It’s rare in the current economic climate to read about shortages in any job category, so a recent Wall Street Journal story that raised questions about how the talent pool of mobile developers isn’t growing fast enough certainly stands out.
The story sources a number of companies—large media outfits like Hearst along with online and social media upstarts like Ning and Where—that said they are not finding the right amount of talented, experienced developers to fill their mobile app and mobile web development needs. The “experience” part makes sense—mobile development is new enough that it’s unrealistic to expect a deep pool of veterans.
Probably the most interesting part of the WSJ story is the comments string, which sheds some light on what is perhaps the real reason—at least from the standpoint of the developer community—why some of those companies seeking development talent aren’t finding what they need: They aren’t willing to pay enough. That, to be sure, is a byproduct of the aforementioned economic climate. In a recessed economy where every company of ever stripe is still very focused on cost reduction, many companies are seeking more for less—or, in some cases, something for next to nothing.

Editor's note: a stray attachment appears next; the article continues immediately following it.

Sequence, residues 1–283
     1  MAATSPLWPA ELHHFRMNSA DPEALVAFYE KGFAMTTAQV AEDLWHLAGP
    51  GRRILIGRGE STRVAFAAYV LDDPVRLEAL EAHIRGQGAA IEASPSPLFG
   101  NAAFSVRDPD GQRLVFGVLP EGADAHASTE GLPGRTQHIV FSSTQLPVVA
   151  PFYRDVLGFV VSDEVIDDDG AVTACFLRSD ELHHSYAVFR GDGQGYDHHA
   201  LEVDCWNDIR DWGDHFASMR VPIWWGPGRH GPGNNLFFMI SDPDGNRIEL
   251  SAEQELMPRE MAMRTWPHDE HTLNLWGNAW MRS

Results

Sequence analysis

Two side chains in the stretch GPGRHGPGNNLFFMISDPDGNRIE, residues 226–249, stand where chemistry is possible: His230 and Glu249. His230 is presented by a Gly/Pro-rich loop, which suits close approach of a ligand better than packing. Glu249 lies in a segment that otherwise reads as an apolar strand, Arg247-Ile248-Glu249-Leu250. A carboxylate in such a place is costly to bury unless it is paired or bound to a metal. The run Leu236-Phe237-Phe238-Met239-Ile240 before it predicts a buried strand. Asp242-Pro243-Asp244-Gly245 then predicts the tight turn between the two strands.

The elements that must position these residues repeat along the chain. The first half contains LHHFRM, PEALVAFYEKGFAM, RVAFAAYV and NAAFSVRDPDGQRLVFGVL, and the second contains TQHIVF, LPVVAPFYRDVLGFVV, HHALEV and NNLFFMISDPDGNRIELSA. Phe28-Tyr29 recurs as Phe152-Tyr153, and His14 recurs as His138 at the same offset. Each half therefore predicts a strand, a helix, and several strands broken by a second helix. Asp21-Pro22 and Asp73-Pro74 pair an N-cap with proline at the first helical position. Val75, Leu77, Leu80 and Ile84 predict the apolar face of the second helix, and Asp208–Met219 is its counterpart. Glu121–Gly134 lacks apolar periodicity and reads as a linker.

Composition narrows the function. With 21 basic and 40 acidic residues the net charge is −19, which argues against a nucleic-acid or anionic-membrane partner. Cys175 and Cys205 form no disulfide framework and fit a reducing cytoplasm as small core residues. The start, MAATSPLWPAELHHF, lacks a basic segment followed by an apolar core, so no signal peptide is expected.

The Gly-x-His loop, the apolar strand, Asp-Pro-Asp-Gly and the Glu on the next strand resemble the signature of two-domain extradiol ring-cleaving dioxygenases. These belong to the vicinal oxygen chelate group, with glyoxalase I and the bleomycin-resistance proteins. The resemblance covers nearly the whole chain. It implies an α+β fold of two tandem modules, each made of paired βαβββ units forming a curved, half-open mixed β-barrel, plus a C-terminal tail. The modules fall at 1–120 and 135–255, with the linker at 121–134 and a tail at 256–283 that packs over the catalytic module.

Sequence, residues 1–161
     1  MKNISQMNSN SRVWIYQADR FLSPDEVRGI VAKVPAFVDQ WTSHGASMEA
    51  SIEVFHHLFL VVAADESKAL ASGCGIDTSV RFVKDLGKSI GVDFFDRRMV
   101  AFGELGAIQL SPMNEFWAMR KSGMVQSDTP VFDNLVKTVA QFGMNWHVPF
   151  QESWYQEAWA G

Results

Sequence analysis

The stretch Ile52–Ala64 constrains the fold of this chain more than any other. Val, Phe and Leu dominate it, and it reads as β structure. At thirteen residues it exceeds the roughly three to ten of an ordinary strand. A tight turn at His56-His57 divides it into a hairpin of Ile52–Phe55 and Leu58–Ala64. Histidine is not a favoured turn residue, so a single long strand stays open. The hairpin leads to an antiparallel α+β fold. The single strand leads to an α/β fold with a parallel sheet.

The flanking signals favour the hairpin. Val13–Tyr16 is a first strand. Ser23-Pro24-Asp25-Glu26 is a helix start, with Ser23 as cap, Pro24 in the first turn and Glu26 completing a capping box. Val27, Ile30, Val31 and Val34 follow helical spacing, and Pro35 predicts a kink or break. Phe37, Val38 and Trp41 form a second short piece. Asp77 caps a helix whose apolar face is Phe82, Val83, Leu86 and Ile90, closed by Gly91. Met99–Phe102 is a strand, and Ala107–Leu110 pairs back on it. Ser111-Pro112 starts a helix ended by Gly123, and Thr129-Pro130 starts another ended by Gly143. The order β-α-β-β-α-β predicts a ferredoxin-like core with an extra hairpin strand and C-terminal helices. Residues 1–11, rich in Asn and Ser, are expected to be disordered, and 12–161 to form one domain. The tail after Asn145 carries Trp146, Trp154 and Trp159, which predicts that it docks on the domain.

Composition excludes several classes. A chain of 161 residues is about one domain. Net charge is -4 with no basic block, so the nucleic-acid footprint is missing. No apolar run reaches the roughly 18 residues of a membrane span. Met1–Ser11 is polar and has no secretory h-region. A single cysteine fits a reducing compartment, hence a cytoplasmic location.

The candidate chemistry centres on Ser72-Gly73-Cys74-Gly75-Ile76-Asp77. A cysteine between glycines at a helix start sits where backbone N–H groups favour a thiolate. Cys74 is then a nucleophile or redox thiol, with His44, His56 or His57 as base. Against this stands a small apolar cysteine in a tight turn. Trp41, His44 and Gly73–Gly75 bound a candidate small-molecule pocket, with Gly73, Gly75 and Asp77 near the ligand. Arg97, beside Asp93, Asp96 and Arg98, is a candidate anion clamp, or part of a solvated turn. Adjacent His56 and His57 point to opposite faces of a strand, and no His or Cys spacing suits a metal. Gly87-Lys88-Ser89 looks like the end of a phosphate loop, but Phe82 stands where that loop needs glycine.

The story references companies turning to “offshore development labs” to meet demand, as well as development jobs offered on online freelance job boards like Elance.com. The issue could well be that even as many companies commit to a solid mobile app and mobile we strategy, their budgets and the uncertainty of the overall economy may dictate that they’re not willing or able to pay for full-time talent and instead are relying on outsourcing and lowest-cost labor to meet their mobile development needs.
It’s an interesting dichotomy in an uncertain economy to see coverage of talent pool shortages—and it will be even more interesting to see how the situation evolves as developers log more years of experience and become even more valuable commodities. In the meantime, it should be motivating for the mobile developer community to know that it is being cited as a sector where demand for talent currently is outstripping supply (by some definitions, anyway). As one of the responders—presumably a developer—writes about the WSJ story: “Show me the money!”